SR-71 Intercepted 169 Times

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posted on Sep, 16 2007 @ 04:33 PM
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Originally posted by neformore
Please can people just do some research first before they post wild speculative stuff?

I thought we were in the business of denying ignorance.


No they can't and you better get used to it.
What gave you idea that most here were in the business of denying ignorance? I mean you don't really buy into any of that do you?

Heheh..

Stellar




posted on Sep, 16 2007 @ 05:35 PM
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Originally posted by StellarX
Then why the massively excessive speed for a mission that the USSR had no legal business interdicting?


Probably because when it was designed and built they WERE overflying the USSR? Overflights were stopped after Powers was shot down in the U-2 and the A-12/SR-71 was already well along by that point. The J-58 was developed in 1956, and the A-12 design was accepted in 1959.

As for it being strictly peacetime, the SR-71 overflew MANY countries during wartimes, that operated Soviet built SAM systems, and they knew it was coming just about every time. But yet, it was never shot down, and there is one that they THINK was hit by a SAM.



posted on Sep, 16 2007 @ 06:32 PM
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Originally posted by Zaphod58
Probably because when it was designed and built they WERE overflying the USSR?


Right and they decided to keep building that of all planes while shelving the Hustler? I am just saying that you can do the same without the flash and expense...


Overflights were stopped after Powers was shot down in the U-2 and the A-12/SR-71 was already well along by that point. The J-58 was developed in 1956, and the A-12 design was accepted in 1959.


Ok...


As for it being strictly peacetime, the SR-71 overflew MANY countries during wartimes, that operated Soviet built SAM systems, and they knew it was coming just about every time.


Yeah and obviously i do not take count those instances in which Sa-2's and fives were fired without the input of the massive battle management radars the USSR were operating.. Maybe i should but i would rather have some specifics on who fired at it and when.


But yet, it was never shot down, and there is one that they THINK was hit by a SAM.


And since i have been wrong before i can more than deal with a reality where the SR-71 criss crossed Russian skies with impunity. All i ask is for some sources saying so and i will be out of your hair , on this issue, for good.


Stellar



posted on Sep, 16 2007 @ 06:37 PM
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Originally posted by Zaphod58
As for it being strictly peacetime, the SR-71 overflew MANY countries during wartimes, that operated Soviet built SAM systems, and they knew it was coming just about every time. But yet, it was never shot down, and there is one that they THINK was hit by a SAM.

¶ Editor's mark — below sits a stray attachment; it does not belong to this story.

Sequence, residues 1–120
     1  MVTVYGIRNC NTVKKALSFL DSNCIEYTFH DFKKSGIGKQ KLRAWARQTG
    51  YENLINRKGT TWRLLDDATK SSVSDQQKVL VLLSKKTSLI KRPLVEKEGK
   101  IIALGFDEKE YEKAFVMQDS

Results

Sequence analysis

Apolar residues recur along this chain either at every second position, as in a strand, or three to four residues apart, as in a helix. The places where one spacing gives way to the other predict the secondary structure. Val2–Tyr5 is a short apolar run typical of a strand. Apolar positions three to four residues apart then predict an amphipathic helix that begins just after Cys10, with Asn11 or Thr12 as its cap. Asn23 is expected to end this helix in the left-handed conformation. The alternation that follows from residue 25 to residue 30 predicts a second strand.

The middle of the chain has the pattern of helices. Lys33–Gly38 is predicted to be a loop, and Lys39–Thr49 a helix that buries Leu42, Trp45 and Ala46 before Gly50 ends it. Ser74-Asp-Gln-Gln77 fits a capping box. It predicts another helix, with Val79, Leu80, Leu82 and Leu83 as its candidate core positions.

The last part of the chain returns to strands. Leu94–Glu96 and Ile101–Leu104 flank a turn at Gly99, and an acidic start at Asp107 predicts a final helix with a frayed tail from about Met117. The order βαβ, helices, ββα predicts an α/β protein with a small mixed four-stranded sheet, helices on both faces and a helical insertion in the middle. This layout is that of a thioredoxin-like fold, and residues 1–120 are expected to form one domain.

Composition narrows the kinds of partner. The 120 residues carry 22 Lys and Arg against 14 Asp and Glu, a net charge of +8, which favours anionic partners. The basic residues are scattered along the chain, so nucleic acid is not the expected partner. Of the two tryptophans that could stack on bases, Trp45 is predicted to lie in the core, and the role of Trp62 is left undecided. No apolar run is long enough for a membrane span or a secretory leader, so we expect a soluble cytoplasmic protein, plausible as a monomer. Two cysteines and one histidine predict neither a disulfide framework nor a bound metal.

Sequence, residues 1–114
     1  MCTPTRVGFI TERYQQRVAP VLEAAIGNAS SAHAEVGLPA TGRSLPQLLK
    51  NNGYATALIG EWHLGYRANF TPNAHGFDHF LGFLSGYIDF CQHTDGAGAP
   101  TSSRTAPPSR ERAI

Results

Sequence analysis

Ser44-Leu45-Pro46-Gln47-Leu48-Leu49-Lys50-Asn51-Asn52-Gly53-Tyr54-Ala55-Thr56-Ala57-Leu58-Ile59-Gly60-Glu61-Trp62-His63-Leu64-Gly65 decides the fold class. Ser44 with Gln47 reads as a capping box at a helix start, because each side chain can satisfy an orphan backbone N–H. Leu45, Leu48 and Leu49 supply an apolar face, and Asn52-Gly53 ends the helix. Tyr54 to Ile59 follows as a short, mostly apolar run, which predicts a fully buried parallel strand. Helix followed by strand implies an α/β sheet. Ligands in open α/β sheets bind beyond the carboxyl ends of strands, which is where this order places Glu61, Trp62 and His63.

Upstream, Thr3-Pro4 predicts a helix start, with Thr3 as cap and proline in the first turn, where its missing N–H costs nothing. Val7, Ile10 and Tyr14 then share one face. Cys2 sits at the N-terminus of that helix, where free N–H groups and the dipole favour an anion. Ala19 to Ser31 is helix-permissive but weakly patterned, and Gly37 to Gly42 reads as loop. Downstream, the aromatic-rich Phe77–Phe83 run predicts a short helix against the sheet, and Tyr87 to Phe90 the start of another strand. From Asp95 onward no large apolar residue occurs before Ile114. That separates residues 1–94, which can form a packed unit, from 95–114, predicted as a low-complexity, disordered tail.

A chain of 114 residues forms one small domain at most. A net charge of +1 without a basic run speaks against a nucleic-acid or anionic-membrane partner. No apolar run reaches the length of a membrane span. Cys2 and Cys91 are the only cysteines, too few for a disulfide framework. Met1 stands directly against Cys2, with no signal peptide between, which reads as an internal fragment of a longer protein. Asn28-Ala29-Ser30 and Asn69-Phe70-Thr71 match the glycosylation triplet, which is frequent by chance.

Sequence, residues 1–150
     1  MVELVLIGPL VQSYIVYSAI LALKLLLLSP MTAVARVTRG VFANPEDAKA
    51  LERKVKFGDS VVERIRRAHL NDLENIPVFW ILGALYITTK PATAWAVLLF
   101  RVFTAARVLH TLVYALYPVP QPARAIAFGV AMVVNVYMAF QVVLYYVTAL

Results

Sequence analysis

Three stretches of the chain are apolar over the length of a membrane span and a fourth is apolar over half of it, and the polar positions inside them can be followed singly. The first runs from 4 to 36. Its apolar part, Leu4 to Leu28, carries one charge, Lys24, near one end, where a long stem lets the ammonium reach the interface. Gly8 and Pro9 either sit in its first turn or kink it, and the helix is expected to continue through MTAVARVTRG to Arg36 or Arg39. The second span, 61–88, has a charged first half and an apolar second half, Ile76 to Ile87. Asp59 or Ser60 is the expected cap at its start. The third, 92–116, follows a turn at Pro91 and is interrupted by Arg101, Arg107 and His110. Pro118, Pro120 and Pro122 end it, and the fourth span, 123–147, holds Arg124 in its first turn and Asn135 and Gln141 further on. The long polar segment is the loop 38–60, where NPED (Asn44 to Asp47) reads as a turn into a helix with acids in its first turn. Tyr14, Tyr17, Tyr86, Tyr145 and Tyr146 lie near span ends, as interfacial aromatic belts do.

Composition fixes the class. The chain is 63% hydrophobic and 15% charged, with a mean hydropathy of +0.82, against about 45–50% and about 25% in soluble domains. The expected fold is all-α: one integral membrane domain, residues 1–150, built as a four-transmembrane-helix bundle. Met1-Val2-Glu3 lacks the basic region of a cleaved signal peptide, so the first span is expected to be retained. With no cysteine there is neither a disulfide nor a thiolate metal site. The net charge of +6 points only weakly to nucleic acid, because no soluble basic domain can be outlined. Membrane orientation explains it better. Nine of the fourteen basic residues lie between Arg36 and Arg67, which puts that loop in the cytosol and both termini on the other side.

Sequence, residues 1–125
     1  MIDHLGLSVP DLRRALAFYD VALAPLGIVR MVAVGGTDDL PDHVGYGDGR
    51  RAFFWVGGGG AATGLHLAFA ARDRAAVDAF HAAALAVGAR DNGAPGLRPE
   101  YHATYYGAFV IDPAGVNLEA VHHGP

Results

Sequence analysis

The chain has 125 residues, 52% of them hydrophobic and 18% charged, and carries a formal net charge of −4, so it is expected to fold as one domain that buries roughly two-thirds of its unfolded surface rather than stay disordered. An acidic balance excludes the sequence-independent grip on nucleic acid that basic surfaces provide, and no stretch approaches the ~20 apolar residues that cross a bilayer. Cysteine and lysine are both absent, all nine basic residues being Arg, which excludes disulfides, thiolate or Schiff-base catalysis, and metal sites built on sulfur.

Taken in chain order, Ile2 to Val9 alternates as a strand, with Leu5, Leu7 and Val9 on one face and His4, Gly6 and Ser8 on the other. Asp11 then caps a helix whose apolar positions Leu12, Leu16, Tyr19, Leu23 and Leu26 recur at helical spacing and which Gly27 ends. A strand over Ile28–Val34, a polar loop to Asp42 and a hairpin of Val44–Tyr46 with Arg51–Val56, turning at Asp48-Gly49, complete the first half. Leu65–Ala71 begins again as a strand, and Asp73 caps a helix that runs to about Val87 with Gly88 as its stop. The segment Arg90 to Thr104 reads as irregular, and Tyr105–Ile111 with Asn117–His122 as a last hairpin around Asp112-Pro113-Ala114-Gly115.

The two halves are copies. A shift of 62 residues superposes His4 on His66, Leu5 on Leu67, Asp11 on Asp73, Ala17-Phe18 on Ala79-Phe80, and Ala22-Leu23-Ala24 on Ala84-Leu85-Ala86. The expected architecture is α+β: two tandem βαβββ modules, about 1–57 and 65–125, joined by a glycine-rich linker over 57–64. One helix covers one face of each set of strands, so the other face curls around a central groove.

Yes - they operated individual launchers, but Libya never had a true system like the Soviets.


Any kind of deep incursion from an SR-71 over Russia (as opposed to Lybia etc) would have been magnitudes more dangerous.

[I'm not saying it definitely would or would not have been shot down every time - I'm saying the odds on survival would have decreased dramatically in comparison to a run over a satellite state]



posted on Sep, 16 2007 @ 07:22 PM
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reply to post by StellarX
 


Of course it couldn't have flown over the USSR with impunity. Nothing could have. But it would have had a much higher survival rate than anything else would have.

As for shelving the B-58, you apparently haven't bothered to read anything about all the MAJOR problems the B-58 had. It was a great idea, but when they tried to implement it, it turned into a monster.


Meanwhile, dissatisfaction with the B-58 program grew. The correction of obvious combat deficiencies was slow, and it seemed almost certain that early inventory aircraft would be short of components and would have no high frequency radio or identification equipment. Some SAC officials were beginning to think that 2 wings of B-58s would be plenty since the aircraft would require greater tanker support than the B-52s. Also, the B-58s would not be able to fly at low level without extensive and costly modifications. Others at SAC wanted more B-58s, having faith in the follow-on B-58B that could be expected to materialize after production of the first 105 B-58As (test-aircraft included).



Category II test results and several accidents postponed Category III testing to August 1960, a 6-month slippage. SAC did not want to start the Category III tests before correction of certain B-58 deficiencies. Electrical malfunctions, tire failures, difficulties with the flight control system, and possible structural weaknesses appeared responsible for a rash of recent crashes. Accident findings did not indicate any consistency in the causes, but the B-58 remained under flight restrictions and SAC would not accept the aircraft pending further investigation. Supersonic speed restrictions were raised to Mach 1.5 in March 1960, but only for the aircraft equipped with modified flight controls. Also, modifications required by SAC had to be made to improve safety. By mid-1960, some structural improvements were completed. The aircraft tail had been strengthened, critical side panels had been reinforced, and an ARDC ad hoc committee report was given to SAC. The report emphasized that there were no design deficiencies in either the aircraft or the flight control system, and that when all functioned, the systems met the specifications. The report also noted that SAC pilots had verified the B-58's good handling characteristics, but pilot training and high proficiency were necessary. In addition, maintenance and control personnel should be highly skilled since those areas could greatly affect B-58 operations.

www.globalsecurity.org...

Those are just a FEW of the B-58 problems.



posted on Sep, 16 2007 @ 07:24 PM
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reply to post by kilcoo316
 


Of course it would have been dangerous, which is why they tried for basic stealth, and high speed. I won't say they could have done it with impunity, or they WOULDN'T have been shot down, but their chances of survival were much higher than anything else. Especially since the areas they were interested in weren't all deep inside the USSR, which is how a side scan camera could see them.